Scandinavian Journal of Gastroenterology 07/2004; 39(7):665-7. · 2.33 Impact Factor
  • William Dickey, Dermot Hughes
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    ABSTRACT: There are various, well-documented, duodenal endoscopic markers caused by the villous atrophy of celiac disease. Another abnormality seen in association with villous atrophy, erosions in the second part of the duodenum, is described. To our knowledge, this finding has not been heretofore described in patients with celiac disease. Five patients with celiac disease and erosions were encountered over a period of 2 years. The erosions were multiple, superficial, and present in the second part of the duodenum but not the duodenal bulb. All 5 patients had findings typical of celiac disease (iron deficiency, osteopenia/osteoporosis), and 4 had at least one other endoscopic marker: scalloped duodenal folds (3), fold loss (2), or mosaic pattern mucosa (2). These patients represented 7% of new cases of celiac disease during the same time period. This pattern of erosion was not observed in over 1200 other patients undergoing upper endoscopy during the study period. In a European population, the finding of erosions confined to the second part of the duodenum is specific for villous atrophy, although sensitivity is low. Erosions in the second part of the duodenum should be added to the list of endoscopic markers of celiac disease.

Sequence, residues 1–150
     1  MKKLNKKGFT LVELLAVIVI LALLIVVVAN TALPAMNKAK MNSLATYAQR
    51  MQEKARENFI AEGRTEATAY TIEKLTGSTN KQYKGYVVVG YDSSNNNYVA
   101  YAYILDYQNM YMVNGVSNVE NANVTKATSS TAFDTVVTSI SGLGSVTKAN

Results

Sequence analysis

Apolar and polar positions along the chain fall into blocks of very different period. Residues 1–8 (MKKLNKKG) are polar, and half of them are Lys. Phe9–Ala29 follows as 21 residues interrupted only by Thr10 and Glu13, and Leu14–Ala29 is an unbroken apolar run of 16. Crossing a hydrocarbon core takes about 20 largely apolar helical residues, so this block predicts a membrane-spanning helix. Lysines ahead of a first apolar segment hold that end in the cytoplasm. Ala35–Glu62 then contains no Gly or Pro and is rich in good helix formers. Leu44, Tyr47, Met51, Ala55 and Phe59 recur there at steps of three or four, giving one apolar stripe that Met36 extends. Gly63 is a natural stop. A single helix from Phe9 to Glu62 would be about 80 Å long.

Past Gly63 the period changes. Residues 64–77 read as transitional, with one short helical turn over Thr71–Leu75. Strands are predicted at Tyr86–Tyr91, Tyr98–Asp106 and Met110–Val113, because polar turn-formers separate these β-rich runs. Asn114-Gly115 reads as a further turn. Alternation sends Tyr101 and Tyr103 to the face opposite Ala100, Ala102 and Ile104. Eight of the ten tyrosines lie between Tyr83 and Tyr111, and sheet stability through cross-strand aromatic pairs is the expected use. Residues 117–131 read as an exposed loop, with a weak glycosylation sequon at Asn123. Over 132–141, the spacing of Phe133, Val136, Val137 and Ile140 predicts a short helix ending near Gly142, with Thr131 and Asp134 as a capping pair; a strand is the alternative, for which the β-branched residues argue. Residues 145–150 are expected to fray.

Gastrointestinal Endoscopy 02/2004; 59(1):116-8. · 5.21 Impact Factor
  • W Dickey
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    ABSTRACT: Coeliac disease and colorectal neoplasia are both common, present most often in patients over 40 and cause similar symptoms. Greater awareness and early use of serological tests have improved the diagnosis of coeliac disease, but raise the concern that co-existing colorectal neoplasia may be missed. This study assessed the prevalence of colorectal neoplasia among patients with coeliac disease diagnosed after the age of 40 who presented with altered bowel habit or iron deficiency. All patients meeting the above criteria underwent colonoscopy unless this or barium enema had been performed shortly before. Of 69 patients with coeliac disease undergoing colonoscopy, 7 (10%) had colon neoplasia: 5 had tubulovillous polyps, and 2 had carcinoma. The prevalence figures for coeliac patients undergoing colonoscopy with iron deficiency and altered bowel habit alone were 11% (5 of 47) and 10% (2 of 22), respectively None of a further 13 who had undergone previous colon investigation (all by barium enema) had neoplasia, although these were probably a selected population. The seven patients with colorectal neoplasia had not reported rectal bleeding. The prevalence of colorectal neoplasia was not significantly higher than in two series of non-coeliac patients undergoing colonoscopy for investigation of iron deficiency (12%) or altered bowel habit (8%). There is a high prevalence of colorectal neoplasia among older patients with coeliac disease who present with iron deficiency or altered bowel habit, though this is no higher than for non-coeliac patients with these presentations. The possibility of dual pathology should be considered and excluded by colon investigation.
    Scandinavian Journal of Gastroenterology 10/2002; 37(9):1054-6. · 2.33 Impact Factor